Other than combing and brushing your pet’s coat, you can groom your pet’s eyebrows, ears, forelegs and feet. Giving your puppy a bath once every two to three months is enough. But make sure you use a high-quality dog shampoo to avoid stripping natural oils from your pet’s skin.

Don’t forget to check the Great Pyrenees ears for awful odor, dirt, inflammation and redness. Also, use a gentle ear cleaner to wipe his ears once a week using a soft, clean cotton ball. Never stick thick cotton swabs into your dog’s ear canal or you might damage his hearing. If you find your pet frequently shaking his head or scratching his ear, check for signs of infection.

Pyrenees need to get their teeth brushed twice a week to prevent the buildup of tartar and plaque. Daily brushing is good, but it is not necessary. You also need to trim your puppy’s nails if you don’t want your shoulder or laps to get scratched.

Pyrenees need to be trained for vet examinations so handle your puppy’s paws frequently and look inside his ears and mouth. You should check his skin for rashes, redness, soreness and other signs of infection.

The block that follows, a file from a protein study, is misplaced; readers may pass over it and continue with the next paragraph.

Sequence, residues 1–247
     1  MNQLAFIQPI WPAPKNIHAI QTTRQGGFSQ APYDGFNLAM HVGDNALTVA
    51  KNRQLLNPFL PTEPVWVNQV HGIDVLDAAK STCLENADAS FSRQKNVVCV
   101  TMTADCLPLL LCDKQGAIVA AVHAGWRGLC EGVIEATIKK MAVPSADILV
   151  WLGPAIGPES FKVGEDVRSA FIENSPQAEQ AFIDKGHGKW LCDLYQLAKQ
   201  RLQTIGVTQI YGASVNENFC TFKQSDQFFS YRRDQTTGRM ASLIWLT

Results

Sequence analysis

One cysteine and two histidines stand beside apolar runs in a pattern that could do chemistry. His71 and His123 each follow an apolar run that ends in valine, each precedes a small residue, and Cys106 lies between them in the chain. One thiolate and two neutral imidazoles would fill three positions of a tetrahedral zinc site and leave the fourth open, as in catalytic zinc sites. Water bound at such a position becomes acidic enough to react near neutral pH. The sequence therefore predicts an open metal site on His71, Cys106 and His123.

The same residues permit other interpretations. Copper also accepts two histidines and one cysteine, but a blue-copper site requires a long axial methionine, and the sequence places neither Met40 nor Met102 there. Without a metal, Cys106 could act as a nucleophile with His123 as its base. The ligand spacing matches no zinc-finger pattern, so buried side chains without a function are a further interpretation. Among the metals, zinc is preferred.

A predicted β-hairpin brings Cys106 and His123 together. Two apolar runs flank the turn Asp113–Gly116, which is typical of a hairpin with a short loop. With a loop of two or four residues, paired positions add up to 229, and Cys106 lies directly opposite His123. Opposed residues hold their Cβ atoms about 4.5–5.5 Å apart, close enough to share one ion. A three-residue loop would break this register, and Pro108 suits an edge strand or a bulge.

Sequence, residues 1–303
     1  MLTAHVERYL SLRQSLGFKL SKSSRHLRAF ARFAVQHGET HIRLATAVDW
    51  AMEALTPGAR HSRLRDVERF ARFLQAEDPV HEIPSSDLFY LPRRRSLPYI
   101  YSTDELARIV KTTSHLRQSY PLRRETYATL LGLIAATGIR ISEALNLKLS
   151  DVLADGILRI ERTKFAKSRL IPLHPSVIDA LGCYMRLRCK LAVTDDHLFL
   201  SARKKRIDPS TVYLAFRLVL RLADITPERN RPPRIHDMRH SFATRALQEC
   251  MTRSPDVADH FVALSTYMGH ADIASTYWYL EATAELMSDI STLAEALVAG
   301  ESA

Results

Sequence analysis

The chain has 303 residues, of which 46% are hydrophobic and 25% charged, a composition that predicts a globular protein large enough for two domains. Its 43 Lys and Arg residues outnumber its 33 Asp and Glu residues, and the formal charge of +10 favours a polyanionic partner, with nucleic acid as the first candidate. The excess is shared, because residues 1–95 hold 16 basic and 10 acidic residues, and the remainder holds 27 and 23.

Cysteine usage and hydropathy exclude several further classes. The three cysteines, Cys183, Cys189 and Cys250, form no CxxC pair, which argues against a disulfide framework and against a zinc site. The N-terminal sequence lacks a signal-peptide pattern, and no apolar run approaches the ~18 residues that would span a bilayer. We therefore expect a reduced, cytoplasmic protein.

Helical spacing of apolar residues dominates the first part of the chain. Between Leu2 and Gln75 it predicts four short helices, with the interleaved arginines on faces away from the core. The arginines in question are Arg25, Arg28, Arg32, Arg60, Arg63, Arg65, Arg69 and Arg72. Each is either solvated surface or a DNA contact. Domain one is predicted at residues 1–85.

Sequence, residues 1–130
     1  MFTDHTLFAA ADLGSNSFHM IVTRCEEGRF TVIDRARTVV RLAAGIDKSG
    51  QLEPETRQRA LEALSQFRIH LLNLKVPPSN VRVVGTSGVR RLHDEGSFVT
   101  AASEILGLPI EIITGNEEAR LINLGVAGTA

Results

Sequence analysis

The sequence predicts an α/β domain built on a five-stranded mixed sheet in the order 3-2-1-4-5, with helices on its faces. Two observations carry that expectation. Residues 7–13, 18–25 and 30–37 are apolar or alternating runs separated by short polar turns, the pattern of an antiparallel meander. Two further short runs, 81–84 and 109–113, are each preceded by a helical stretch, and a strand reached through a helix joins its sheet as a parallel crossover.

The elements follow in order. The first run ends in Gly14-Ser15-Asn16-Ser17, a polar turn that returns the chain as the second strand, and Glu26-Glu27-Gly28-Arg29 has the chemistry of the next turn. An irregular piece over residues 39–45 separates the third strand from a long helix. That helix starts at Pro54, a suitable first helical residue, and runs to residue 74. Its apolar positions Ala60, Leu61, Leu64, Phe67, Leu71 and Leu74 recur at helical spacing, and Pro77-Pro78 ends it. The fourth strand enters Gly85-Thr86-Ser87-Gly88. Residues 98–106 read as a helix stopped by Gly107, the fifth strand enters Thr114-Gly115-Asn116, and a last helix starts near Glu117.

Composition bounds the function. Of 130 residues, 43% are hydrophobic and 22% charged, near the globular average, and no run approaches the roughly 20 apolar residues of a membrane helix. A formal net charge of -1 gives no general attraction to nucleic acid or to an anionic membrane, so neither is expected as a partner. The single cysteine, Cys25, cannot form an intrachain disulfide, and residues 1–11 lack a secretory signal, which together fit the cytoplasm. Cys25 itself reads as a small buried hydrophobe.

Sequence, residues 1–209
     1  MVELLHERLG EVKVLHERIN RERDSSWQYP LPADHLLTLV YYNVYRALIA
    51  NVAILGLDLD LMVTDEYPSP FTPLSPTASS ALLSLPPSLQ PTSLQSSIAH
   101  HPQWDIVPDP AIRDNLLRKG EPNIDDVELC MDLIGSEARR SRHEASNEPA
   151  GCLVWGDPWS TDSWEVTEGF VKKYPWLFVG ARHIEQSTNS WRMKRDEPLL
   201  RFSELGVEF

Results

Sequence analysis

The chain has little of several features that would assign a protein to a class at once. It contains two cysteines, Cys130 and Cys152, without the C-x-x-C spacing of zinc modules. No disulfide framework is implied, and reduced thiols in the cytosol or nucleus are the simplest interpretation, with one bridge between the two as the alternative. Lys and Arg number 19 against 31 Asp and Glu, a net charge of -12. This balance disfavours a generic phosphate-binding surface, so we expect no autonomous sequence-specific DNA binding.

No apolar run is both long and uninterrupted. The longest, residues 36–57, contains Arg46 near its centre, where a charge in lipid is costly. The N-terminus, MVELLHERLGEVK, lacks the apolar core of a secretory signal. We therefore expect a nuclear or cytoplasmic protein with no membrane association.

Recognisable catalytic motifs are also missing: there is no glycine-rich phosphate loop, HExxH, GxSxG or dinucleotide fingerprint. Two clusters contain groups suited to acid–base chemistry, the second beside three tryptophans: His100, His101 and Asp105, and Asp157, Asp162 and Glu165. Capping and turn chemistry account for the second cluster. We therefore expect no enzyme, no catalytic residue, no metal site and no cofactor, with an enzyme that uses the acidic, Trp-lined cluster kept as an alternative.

Exercise, Energy, and Activities

Great Pyrenees have survived for centuries with an independent mind of their own, so you can expect to them to be manipulative and dominant. Even your puppy would show you that they want to be the boss.

Young Great Pyrenees pups need proper balance of exercise to stay healthy. You need to give them enough exercise, but never over-do, or under-do it as it can damage their growing bones, muscle, joints and ligaments. Adult dogs need more exercise, but you should never choose to exercise them in hot or humid weather.

What’s interesting is that young Great Pyrenees can be very energetic and you need to give him extra supervision. Remember, if left alone, your pup can become bored and destructive and make use of his powerful jaws to rip everything in your living room in pieces.